July 11, 2008
3-D Dazzle Enhances Look of One-Dimensional Story
By Nick Chordas, The Columbus Dispatch, Ohio
Jul. 11--Journey to the Center of the Earth is reportedly the first live-action, feature-length film shot in digital 3-D.
Unfortunately, being the answer to a trivia question doesn't necessarily translate into a memorable moviegoing experience.
Journey, in fact, isn't really a movie at all. Based loosely on the novel by Jules Verne, the 92-minute action romp plays more like a showcase for the burgeoning technology than an organized amalgamation of character and plot.
(Be warned: The film is also being shown in the standard 2-D format, so be sure to find out whether the theater is equipped for digital 3-D before buying a ticket).
Yo-yos and tape measures fly at the screen, as do prehistoric beasts and a mouthful of toothpaste expelled by leading man Brendan Fraser.
In many ways, the film is no different from the more primitive 3-D efforts of the early 1950s. It just has a bigger budget and doesn't give the viewer an eyestrain headache.
The affable Fraser stars as Trevor Anderson, a scientist whose older brother disappeared while searching for "volcanic tubes" that lead to the Earth's core.
Trevor discovers clues to his brother's whereabouts in a tattered copy of Verne's novel and promptly leaves for Iceland, dragging his surly adolescent nephew, Sean (Josh Hutcherson), along for the ride.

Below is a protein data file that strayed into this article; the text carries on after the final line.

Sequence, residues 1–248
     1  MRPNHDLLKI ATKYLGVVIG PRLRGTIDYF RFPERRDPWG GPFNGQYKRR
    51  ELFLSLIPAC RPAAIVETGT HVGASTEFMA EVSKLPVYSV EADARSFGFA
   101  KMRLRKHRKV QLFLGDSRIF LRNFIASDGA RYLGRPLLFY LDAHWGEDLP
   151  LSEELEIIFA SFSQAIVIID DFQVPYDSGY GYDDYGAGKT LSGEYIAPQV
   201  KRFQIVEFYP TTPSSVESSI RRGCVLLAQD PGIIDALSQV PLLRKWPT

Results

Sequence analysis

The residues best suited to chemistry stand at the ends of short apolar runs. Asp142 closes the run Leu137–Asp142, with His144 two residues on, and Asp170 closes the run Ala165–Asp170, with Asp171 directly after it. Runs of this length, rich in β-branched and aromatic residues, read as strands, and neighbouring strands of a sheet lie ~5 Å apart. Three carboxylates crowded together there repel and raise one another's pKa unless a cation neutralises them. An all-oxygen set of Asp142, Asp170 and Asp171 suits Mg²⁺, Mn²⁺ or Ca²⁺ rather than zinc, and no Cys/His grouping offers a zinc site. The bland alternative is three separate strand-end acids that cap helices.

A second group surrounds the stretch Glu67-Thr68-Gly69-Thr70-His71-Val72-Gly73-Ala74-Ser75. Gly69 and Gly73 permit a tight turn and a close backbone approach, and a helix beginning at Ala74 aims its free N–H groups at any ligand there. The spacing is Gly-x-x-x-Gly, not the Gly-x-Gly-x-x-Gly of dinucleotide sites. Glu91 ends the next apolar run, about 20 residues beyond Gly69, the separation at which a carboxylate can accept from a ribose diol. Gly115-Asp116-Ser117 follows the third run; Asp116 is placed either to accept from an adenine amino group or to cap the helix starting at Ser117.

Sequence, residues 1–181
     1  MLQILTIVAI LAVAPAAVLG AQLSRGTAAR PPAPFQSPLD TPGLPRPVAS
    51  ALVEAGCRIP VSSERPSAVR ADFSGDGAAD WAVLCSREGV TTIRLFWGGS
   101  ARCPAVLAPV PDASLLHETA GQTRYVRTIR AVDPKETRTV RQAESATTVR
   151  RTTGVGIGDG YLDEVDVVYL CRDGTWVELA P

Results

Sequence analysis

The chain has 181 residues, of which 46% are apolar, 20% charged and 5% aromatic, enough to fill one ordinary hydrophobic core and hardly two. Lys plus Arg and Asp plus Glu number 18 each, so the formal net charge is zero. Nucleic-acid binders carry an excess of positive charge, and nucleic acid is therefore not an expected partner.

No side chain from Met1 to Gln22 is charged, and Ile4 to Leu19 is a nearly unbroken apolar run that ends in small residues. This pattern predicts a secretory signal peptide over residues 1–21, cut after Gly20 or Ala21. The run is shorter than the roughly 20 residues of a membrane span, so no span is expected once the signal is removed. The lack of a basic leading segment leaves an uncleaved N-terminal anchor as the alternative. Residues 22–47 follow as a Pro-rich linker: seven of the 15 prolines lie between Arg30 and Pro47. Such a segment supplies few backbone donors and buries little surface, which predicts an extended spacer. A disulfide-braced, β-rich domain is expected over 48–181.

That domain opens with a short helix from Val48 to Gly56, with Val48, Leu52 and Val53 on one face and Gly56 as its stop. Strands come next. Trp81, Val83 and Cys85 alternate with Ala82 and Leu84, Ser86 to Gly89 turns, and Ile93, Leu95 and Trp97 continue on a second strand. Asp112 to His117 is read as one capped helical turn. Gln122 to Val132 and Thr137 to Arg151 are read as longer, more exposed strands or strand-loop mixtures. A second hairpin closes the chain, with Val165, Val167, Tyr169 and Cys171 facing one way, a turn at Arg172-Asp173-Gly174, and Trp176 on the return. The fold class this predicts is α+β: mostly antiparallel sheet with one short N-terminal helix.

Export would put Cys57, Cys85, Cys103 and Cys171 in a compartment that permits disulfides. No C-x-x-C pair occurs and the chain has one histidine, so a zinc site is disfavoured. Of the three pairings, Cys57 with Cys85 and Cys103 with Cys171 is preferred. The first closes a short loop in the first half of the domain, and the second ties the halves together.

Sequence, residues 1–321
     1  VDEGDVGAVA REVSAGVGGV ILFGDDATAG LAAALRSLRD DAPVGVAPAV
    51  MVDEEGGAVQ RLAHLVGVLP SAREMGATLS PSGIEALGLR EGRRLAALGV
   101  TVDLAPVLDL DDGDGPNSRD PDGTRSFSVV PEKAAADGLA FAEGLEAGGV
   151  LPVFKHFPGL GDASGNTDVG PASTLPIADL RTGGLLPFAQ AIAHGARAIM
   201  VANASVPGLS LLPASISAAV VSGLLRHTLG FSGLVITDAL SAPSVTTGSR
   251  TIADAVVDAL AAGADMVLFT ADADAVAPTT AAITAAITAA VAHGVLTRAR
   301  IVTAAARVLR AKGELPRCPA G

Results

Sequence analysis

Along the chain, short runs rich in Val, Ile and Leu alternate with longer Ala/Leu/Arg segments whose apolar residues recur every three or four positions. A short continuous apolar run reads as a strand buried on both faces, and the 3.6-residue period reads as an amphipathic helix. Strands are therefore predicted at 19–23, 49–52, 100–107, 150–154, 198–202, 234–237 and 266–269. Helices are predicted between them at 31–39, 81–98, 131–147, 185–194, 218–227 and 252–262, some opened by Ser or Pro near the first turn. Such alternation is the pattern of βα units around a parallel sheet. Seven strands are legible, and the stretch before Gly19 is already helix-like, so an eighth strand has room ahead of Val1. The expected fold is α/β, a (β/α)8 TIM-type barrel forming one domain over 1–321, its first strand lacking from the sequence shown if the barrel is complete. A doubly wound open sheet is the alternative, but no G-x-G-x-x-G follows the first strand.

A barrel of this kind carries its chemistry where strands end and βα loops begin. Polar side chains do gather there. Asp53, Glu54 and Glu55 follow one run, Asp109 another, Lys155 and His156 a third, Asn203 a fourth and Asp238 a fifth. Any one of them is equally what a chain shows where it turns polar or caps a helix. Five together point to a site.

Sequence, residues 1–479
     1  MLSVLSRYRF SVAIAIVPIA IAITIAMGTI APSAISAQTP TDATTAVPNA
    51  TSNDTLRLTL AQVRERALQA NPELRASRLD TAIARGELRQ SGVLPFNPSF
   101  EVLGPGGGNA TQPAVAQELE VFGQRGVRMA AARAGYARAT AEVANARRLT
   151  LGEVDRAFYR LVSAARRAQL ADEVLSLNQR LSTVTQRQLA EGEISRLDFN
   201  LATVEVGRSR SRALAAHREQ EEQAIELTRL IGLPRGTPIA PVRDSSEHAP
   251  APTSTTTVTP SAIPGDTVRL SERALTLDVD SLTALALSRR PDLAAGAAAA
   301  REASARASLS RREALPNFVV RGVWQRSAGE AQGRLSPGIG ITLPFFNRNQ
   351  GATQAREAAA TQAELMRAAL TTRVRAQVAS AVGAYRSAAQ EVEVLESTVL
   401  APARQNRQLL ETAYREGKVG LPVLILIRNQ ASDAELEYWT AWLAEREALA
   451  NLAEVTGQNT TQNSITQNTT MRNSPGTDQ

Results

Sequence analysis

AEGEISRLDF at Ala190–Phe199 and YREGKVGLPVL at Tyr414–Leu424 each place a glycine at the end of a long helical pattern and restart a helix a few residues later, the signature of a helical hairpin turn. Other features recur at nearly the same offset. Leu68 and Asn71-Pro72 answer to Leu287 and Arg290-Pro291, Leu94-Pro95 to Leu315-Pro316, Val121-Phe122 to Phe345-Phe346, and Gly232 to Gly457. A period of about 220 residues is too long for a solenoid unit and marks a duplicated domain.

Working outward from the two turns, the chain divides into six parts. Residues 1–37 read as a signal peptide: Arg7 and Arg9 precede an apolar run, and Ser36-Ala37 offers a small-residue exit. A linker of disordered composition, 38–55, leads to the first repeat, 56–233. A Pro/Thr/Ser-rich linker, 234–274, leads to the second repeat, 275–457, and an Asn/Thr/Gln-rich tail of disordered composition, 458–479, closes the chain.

The two hire a mountain guide/token love interest (Anita Briem) and soon find themselves running, screaming and wisecracking through the underground world described by the 19th-century author.
Journey, as directed by special-effects guru Eric Brevig, borrows liberally from adventure flicks past and present, whether it's Merian C. Cooper's King Kong or Fraser's already-derivative franchise, The Mummy.
A mine-car chase, meanwhile, has been lifted almost gag for gag from Indiana Jones and the Temple of Doom.
The family movie has almost no plot. The connective tissue between action set pieces -- typically consisting of a short walk or a few lines of jocular dialogue -- is so thin that transparent seems too murky a word.
Thankfully, the action can be as exhilarating as it is ridiculous. By the time the final credits roll (also in 3-D), our intrepid trio will have rappelled down 200-foot cliffs, clashed with man-eating plants and slid down the side of Mount Vesuvius in the fossilized jawbone of a Tyrannosaurus rex.
Much of the fun has to do with the 3-D presentation, which never stops being gimmicky but at least provides a few genuine jumps and laughs.
Still, not every theater in town is equipped to show the movie in its intended eye-popping format. Journey was screened to critics in 3-D but will show on many central Ohio screens in 2-D.
(The Easton 30, Lennox 24, Pickerington and Polaris 18 theaters have at least one screen equipped for digital 3-D.)
I can't imagine that Journey works half as well in 2-D, as it has been designed from the ground up as a 3-D feature. Granted, I haven't seen the standard version and can't say for sure how the one-dimensional script fares when animate and inanimate objects aren't leaping into the viewer's lap.
As a 3-D movie, Journey to the Center of the Earth is occasionally fun but ultimately forgettable entertainment that only hints at the possibilities of the medium.
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